This month sees the release of a great new Haynes title - the Westland Wessex Owners’ Workshop Manual. In this profile, we take a brief look at the career of Westland’s rotary-winged workhorse.
From out of the west country
Westland’s origins date back to the First World War when the engine manufacturer Petters Limited set up a new aircraft production facility at Yeovil, Somerset. Initially building other companies’ aircraft under licence, by the end of the conflict the Westland Aircraft Works (as it was then known) was designing and building its own aircraft.
In 1935, Westland Aircraft Limited was formed when Petters decoupled its engine and aircraft manufacturing businesses. As a producer of fixed wing aircraft, Westland enjoyed mixed fortunes. But its Lysander, designed as an an army co-operation and liaison aircraft, served with distinction during the Second World War ferrying secret agents into and out of occupied Europe.
After the war, Westland decided to focus on producing helicopters. And it was here that it achieved far greater success. It entered into a licensing agreement with American helicopter manufacturer Sikorsky, producing first the Dragonfly (based on the Sikorsky S-51) and then the Whirlwind (based on the Sikorsky S-55), both of which served with the Royal Air Force and Royal Navy.
Next up was the Wessex, based on the Sikorsky H-34 but using gas turbine propulsion rather than a piston engine. It first flew in June 1958. Although similar in layout to the Whirlwind with the flight deck situated above and forward of the main cabin area, the Wessex was larger and more muscular in appearance and its nose was also longer and droopier in appearance.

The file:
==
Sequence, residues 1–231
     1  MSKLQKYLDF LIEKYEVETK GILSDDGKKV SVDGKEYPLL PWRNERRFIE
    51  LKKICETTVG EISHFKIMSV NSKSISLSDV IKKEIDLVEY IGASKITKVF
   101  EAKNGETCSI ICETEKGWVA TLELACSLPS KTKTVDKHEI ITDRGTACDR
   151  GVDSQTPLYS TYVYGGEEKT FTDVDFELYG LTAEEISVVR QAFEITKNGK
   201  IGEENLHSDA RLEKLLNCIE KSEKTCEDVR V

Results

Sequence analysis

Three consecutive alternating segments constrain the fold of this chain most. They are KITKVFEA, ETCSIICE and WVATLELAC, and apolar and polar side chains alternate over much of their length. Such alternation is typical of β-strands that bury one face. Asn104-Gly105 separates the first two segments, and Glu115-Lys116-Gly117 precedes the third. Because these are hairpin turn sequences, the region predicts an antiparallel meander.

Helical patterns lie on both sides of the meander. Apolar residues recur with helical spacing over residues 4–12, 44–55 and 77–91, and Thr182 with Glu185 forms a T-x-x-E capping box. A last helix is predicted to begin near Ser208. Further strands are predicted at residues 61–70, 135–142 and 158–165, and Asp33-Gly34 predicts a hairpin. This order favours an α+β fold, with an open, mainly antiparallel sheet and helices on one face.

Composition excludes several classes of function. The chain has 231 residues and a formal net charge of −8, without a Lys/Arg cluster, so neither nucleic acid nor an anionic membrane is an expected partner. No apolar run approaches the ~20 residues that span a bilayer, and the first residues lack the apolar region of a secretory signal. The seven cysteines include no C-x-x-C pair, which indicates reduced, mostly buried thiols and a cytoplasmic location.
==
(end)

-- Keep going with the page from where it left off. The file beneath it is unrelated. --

The Wessex HAS1 entered service with the Fleet Air Arm in the early 1960s. It was the first FAA helicopter to be designed specifically as a submarine hunter, although weight restrictions meant that it could not simultaneously carry both the dipping sonar detection equipment and the anti-submarine weaponry required.
Thus in order to detect and attack a submarine using only this helicopter, two aircraft would be needed for the mission.
Despite this limitation, at the time of its introduction the Wessex was the most advanced Anti Submarine Warfare (ASW) helicopter in the world and it proved to be a very useful aircraft, capable of operating successfully in a wide range of weather conditions and also at night.
The Wessex was also deployed on the Navy’s powerful County Class destroyers in a specifically-designed sideways-entry hangar. It was however generally too big to operate from frigates, so the navy used another Westland type - the Wasp - on those vessels instead.
The Navy operated a later, more powerful, version of the Wessex on its carriers and amphibious assault ships as a means of transporting Royal Marine Commandos into action.
The Wessex also served successfully with the RAF, being used in a variety of transport and surveillance roles around the world. Up to 16 troops or 8 stretchers could be carried.
The type saw extensive service during the Troubles in Northern Ireland, patrolling border country areas and providing transportation that was less vulnerable to ambush than road vehicles.